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The dollar dropped to a two-week low against its Japanese counterpart, though investors' caution ahead of the U.S. jobs report later in the session limited its losses.
Markets expect U.S. employment data due at 1230 GMT to show a non-farm payroll increase of about 164,000 and 0.2 percent rise in average wage earnings in May.
The data will be followed by a speech from Federal Reserve Chair Janet Yellen on Monday, the last chance for the Fed to communicate with markets before it begins a blackout period ahead of its policy meeting on June 14-15.
"If we see a job figure that is largely in line with market consensus and if Yellen maintains a positive tone on rate hikes, I think the chance of a rate hike in June is pretty high," said Masahiro Ichikawa, senior strategist at Sumitomo Mitsui Asset Management.
Currently U.S. money market futures are pricing in only about 20 percent chance of a hike in June and 60 percent by July.
In recent weeks global markets have been puzzling over what the Fed will do in the near term as relatively upbeat U.S. data have been eclipsed by a still-sluggish global economy and worries over the risk of Britain exiting the European Union.
"Markets are pricing in smaller chances of a hike partly because of worries about 'Brexit'. That is also something that could influence the Fed," Ichikawa added.
The uncertain global backdrop was underlined by the European Central Bank, which on Thursday predicted consumer price growth would remain below target through 2018 as it struggles with cheap energy feeding into the price of other goods and services.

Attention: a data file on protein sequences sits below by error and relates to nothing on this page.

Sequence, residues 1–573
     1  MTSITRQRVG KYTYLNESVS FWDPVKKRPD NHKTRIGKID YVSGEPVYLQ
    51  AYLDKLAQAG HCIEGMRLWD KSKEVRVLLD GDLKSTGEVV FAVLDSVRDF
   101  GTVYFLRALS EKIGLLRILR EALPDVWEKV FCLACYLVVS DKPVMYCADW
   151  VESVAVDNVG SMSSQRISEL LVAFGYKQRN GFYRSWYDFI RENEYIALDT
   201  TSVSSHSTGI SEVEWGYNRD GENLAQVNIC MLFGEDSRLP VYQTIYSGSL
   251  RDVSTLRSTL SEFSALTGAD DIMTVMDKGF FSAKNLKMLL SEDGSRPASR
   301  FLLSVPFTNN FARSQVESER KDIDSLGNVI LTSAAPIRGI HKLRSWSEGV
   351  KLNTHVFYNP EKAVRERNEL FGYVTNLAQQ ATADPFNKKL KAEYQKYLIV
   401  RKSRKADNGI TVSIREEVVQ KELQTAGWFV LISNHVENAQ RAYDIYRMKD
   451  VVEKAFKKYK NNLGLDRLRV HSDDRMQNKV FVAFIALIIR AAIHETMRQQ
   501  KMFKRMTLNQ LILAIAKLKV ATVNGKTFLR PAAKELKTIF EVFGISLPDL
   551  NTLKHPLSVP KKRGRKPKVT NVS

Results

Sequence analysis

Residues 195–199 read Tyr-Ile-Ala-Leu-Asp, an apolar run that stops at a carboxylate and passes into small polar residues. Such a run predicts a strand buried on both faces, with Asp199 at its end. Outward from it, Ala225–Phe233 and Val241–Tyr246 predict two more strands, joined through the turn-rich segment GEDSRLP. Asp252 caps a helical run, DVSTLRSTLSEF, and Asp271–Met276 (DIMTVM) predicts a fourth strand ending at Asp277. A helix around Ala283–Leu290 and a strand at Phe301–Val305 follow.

The ECB kept its negative rates unchanged, with President Mario Draghi saying stimulus from previously approved and yet to be implemented measures were expected to work its way through the system.
The euro was little changed at $1.115 on Friday, after sliding from this week's high of $1.1221 touched early on Thursday.
Against the yen, it last stood at 121.38 after falling to a three-year low of 121.065 yen in the previous session.
The yen held steady at 108.915 per dollar, after hitting a two-week high of 108.525 on Thursday, a move some market players attributed to disappointment over a lack of a clear plan on stimulus from Japanese Prime Minister Shinzo Abe. It is poised for a gain of 1.3 percent for the week.
The yen tends to strengthen when there is bad news on the economy because it is often used as a funding currency for investment in higher-yielding riskier assets.
EUR / USD: during the Asian session, the pair was trading in the $ 1.1145-50
GBP / USD: during the Asian session, the pair was trading in the $ 1.4405-10
USD / JPY: during the Asian session, the pair is trading in the range of $ 108.50-109.15
Based on Reuters materials
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